Cedar Island is a barrier island on the Atlantic Ocean side of Accomack County
Source: ESRI, ArcGIS Online
On the Chesapeake Bay side of Accomack County, Saxis and Tangier islands are two barrier islands that have been developed. On the Eastern Shore, most barrier islands have been left in their natural state rather than developed into vacation resorts. Two exceptions, Chincoteague and Wallops islands, have been developed. Those two are fetch-limited barrier islands, where modern development is protected from direct Atlantic Ocean wave action.
On Hog Island, the community of Broadwater was abandoned in the 1930's after shoreline erosion and storms caused extensive flooding. Many of the structures in Broadwater were floated over to Willis Wharf on the mainland, where they became part of the "Little Hog Island" community. As described by the Accomack-Northampton Planning District Commission:1
Efforts to develop the third, Cedar Island, have demonstrated the folly of building houses on exposed barrier islands - and the challenge to traditional concepts of real estate ownership, when the property consists of sand that moves. Cedar Island today is a seven-mile island with a thin sand layer less than three feet thick, where endangered piping plovers nest.
The sand is exposed on the Atlantic Ocean side of the island, with a marsh to the west. The sand layer is constantly moving westward, washed by waves up and over the back-barrier marsh.
the eastern edge of Cedar Island is a thin wedge of sand, with a backbarrier marsh to the west
Source: ESRI, ArcGIS Online
Twice, developers planned to sell thousands of lots and build houses on Cedar Island. In the 1950's, Richard Hall proposed developing "Ocean City." He platted 2,000 lots, and proposed a bridge connecting the island to the Eastern Shore mainland. He expected to generate private profits from the new publicly-funded access to the Eastern Shore, after the US 50 highway was extended east by a new bridge across the Chesapeake Bay from Annapolis.
Hall advertised in his 1951 sales brochure:2
In the 1980's, Hall's granddaughter Elizabeth and her husband, Ben Benson, tried once again to market the island as a site for vacation homes. They owned roughly 95% of the 2,100 acres of the island. They took 100 of the original 2,200 lots, then realigned boundaries to create 69 lots which extended 3,000 feet further to the west. The speculative real estate project included a plan to donate 1,244 acres of undevelopable marsh to the Fish and Wildlife Foundation.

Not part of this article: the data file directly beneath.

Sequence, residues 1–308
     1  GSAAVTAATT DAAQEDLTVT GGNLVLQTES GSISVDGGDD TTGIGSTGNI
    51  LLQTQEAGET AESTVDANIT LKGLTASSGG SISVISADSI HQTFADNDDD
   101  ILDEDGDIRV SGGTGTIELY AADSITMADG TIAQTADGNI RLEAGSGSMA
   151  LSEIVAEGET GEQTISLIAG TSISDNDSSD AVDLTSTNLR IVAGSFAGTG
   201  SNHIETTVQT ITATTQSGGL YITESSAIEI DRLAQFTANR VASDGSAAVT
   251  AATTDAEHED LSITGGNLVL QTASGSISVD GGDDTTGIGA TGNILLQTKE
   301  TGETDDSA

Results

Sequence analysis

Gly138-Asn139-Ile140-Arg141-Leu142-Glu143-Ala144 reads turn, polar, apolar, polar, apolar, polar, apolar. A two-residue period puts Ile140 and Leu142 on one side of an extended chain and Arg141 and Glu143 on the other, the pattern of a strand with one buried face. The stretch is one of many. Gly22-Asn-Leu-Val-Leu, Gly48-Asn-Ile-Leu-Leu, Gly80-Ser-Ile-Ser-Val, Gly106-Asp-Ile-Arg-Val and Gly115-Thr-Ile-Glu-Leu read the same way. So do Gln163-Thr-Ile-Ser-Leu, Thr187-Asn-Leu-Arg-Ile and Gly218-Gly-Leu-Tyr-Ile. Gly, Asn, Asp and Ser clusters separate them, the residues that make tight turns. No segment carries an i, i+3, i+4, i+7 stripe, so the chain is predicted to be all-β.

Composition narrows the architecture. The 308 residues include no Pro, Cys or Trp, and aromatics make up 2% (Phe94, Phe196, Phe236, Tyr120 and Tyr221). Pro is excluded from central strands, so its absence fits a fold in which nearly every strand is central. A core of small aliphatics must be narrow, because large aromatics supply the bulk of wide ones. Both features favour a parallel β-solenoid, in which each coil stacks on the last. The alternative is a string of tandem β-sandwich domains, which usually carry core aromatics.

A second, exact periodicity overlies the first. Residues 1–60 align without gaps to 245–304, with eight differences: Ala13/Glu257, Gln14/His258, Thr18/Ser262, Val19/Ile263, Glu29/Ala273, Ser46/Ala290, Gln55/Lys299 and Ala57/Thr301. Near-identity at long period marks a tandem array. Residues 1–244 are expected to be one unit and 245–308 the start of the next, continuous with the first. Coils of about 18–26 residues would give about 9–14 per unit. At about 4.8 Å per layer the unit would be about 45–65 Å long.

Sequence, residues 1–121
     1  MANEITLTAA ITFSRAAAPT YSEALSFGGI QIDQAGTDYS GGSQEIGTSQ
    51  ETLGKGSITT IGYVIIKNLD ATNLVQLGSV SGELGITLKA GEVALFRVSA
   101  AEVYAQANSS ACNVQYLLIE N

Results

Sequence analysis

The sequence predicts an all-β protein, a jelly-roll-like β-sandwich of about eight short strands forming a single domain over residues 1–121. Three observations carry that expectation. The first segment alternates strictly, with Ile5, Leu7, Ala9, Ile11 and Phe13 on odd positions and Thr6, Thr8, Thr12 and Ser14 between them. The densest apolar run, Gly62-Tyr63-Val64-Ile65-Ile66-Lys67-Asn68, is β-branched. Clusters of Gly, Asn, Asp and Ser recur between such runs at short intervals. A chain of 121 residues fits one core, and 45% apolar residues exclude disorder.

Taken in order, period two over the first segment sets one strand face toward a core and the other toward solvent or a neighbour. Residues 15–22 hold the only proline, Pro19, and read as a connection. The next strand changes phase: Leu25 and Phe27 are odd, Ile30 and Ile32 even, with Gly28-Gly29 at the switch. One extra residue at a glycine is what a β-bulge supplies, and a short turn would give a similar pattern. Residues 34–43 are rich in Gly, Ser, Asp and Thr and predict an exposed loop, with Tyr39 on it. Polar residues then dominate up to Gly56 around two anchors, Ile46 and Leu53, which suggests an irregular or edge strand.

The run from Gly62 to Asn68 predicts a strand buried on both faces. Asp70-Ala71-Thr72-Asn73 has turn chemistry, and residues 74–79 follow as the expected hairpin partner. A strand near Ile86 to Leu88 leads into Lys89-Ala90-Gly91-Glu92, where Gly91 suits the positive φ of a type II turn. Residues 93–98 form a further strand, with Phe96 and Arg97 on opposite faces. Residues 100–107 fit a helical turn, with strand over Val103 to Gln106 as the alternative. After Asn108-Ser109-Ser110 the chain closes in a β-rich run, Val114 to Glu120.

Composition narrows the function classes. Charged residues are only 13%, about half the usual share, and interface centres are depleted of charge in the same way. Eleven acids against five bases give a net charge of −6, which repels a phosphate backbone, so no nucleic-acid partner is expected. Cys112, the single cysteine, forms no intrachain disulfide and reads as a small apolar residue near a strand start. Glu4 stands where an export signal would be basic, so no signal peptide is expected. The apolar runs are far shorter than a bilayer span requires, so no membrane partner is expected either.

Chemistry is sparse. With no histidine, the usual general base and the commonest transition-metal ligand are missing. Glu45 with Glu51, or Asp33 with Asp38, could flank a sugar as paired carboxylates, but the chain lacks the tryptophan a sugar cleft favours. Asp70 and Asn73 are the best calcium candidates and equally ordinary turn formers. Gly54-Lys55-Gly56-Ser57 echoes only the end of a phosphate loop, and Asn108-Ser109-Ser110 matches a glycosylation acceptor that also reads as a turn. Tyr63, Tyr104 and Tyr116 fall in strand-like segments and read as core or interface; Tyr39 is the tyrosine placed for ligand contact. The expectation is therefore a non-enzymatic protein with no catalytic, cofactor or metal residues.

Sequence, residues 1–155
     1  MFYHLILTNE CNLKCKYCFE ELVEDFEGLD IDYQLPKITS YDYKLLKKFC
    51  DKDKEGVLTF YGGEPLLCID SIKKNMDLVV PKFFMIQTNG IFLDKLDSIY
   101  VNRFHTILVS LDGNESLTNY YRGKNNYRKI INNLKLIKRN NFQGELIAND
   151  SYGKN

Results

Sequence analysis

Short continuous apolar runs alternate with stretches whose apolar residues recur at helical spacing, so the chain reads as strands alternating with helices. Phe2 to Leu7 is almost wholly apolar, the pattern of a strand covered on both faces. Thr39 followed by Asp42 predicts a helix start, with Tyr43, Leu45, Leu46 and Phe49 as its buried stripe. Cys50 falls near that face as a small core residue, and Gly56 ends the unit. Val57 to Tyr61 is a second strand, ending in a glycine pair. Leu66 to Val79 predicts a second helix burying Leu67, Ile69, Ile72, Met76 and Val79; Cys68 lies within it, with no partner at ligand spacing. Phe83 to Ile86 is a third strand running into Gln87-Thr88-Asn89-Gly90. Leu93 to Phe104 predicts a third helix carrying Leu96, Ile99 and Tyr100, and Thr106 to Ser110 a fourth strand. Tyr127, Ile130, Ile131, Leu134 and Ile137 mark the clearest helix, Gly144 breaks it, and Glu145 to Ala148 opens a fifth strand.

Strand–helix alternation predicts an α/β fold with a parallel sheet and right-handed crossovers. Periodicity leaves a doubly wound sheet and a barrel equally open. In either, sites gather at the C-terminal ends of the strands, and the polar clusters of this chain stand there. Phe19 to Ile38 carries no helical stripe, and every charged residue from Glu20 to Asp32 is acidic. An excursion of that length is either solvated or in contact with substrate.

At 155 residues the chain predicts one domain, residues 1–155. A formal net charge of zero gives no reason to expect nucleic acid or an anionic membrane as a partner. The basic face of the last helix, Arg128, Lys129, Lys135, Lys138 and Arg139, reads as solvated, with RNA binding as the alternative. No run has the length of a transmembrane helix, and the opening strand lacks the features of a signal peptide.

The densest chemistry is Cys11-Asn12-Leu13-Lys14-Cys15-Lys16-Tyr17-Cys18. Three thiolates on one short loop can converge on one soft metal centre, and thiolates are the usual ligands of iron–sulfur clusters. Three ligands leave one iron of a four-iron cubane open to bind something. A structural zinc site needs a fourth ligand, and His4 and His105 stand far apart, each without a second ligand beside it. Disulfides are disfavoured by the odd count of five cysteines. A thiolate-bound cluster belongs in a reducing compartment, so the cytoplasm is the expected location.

Without any commitment by the Commonwealth of Virginia to build a bridge to the island, the Benson's sold $3 million worth of lots to customers by emphasizing privacy. Some purchasers paid $100,000 for their lot. Marketing highlighted the rare opportunity to live directly on the waterfront of one of the last unspoiled Atlantic islands. The sales brochure said:3
Cedar Island, south of Metompkin Island, is occasionally broken into two parts by an inlet
Source: US Geological Survey, Metompkin Inlet 1:24,000 topographic Map
Accomack County opposed the authorization of new houses, but it had failed to assume local responsibility to administer the state's Coastal Primary Sand Dune Act. The Virginia Marine Resources Commission had the authority to protect the primary dune line, undrr Virginia's Barrier Island Policy. Nonetheless, the state officials chose to authorize the development of 69 new residences.
The geological instability of the island was well known. In 1987, a state report noted the erosion rate was 18-21 feet per year, and 90% of the island was inundated at least once every ten years.
Accomack County officials feared that after new houses were built on the barrier island, there would be demands for the county to provide expensive services. In a storm, search and rescue might be called. If erosion threatened the new structures, the county might be asked to fund protective barriers.
Mrs. Benson responded:4